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Is Charity the Answer to Poverty?

As the national debate on how to address the budget deficit continues, a recent report from the Salvation Army looked at the perceptions that Americans have about poverty in the United States.  One of the more hopeful findings of the report is that a significant number of Americans, 88 percent, believe that people in poverty “deserve a helping hand”.

What the report doesn’t address, and what is more difficult to answer, is the question of how we help people living in poverty.   This is a question that government and society have struggled with for decades.

Charities and churches have long played a role in helping the poor and it’s not uncommon to hear people point to charities and churches as the proper place for this help to be provided.  But with about 1 in 6 Americans living in poverty, is this a problem that churches and charities can solve alone?

In a recent blog post about cuts to the food stamp program, the Reverend David Beckmann, President of Bread for the World, argues that it’s unrealistic to place the sole responsibility on churches.

The churches state that they simply can’t do more than they are already doing, and I would argue that there are other compelling reasons why churches and charities are never going to be able to address poverty on their own.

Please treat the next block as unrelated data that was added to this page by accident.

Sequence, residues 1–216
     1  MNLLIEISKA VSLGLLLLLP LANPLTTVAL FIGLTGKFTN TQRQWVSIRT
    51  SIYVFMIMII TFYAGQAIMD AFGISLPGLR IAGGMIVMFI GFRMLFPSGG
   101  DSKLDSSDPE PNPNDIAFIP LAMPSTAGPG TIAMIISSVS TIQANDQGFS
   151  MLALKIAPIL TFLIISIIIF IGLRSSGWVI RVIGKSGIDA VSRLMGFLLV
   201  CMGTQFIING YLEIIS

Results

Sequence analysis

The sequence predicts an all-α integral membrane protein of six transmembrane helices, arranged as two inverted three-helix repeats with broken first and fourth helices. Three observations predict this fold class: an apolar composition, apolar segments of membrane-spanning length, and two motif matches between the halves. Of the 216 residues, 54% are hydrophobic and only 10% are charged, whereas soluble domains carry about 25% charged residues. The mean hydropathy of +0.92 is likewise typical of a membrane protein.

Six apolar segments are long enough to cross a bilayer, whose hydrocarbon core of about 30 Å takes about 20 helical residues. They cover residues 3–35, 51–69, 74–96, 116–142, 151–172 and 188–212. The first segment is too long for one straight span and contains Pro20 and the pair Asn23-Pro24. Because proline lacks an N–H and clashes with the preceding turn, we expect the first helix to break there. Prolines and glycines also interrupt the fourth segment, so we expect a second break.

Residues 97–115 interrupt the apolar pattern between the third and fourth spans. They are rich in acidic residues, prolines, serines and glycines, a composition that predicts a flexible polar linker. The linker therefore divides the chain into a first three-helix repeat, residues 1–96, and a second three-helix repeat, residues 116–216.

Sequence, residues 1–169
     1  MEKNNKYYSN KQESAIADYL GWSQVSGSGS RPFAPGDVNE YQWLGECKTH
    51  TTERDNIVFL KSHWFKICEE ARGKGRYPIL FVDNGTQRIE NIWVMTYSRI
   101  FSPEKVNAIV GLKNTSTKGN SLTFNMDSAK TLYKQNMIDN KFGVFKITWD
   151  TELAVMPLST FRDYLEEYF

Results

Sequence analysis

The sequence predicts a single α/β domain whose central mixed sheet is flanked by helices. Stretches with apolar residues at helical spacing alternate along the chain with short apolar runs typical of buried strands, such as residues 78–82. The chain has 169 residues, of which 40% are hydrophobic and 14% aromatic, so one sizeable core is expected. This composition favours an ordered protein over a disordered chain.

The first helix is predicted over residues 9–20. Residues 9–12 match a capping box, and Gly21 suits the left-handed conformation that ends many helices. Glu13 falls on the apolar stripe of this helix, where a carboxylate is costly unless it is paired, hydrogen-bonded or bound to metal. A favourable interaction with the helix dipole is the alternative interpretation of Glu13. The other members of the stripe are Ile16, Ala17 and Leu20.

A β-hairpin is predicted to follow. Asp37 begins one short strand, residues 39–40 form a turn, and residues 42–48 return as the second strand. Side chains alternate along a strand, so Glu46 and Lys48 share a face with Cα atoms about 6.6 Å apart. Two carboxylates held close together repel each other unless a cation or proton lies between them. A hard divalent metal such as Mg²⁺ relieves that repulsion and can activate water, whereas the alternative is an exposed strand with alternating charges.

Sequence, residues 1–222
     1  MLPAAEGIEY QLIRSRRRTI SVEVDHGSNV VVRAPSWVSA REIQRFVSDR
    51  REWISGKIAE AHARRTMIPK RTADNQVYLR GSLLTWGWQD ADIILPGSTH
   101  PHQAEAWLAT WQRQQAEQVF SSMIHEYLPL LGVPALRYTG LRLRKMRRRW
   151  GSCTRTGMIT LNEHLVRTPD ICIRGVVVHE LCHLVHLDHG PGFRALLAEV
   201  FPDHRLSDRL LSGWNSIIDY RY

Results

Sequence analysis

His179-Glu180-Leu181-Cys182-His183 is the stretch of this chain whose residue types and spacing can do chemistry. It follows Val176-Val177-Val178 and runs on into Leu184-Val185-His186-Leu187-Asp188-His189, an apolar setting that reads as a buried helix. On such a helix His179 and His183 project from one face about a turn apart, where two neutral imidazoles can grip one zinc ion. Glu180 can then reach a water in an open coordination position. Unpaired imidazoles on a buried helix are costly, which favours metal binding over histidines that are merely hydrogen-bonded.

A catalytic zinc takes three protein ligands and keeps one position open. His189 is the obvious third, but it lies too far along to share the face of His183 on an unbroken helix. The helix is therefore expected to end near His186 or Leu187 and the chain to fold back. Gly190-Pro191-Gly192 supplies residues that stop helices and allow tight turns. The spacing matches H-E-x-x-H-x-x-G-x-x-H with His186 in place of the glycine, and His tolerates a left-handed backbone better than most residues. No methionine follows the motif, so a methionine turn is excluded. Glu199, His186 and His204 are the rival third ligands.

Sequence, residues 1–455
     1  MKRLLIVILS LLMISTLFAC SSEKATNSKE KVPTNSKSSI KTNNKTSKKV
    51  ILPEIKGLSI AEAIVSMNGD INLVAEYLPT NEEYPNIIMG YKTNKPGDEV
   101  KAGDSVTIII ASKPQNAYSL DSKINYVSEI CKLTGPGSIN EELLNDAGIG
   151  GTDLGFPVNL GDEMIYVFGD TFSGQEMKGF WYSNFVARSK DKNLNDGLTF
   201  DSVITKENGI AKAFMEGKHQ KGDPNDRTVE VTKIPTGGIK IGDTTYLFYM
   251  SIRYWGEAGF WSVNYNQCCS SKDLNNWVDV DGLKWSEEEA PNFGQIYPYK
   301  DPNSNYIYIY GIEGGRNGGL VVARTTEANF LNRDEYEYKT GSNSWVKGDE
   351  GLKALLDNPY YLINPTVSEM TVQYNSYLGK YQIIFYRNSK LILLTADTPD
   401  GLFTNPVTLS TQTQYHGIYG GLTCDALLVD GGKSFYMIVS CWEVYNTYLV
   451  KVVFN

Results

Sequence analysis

What most churches and charities provide is temporary relief from the consequences of poverty — food for the hungry or shelter for the homeless.  What people in poverty really need is a way out of the circumstances that they’re in.

If we truly believe that the poor deserve a helping hand, government is the only mechanism for helping in a way that is universal and sustainable and can create lasting change.

This is why it it is so important that we preserve — and improve — the role of government in helping the poor.  Our country undoubtedly has financial problems to solve, but it’s disingenuous to blame all of our financial problems on the assistance we provide to the poor.  Cutting programs for people in poverty alone is not going to solve our financial problems, nor will it create a brighter collective future for our nation.

We need to find a way to balance the budget, but we also need to find a way to addressing the troubling trend of more and more families living in poverty.  Our future depends on our ability to do both.

 

 

 

 

 

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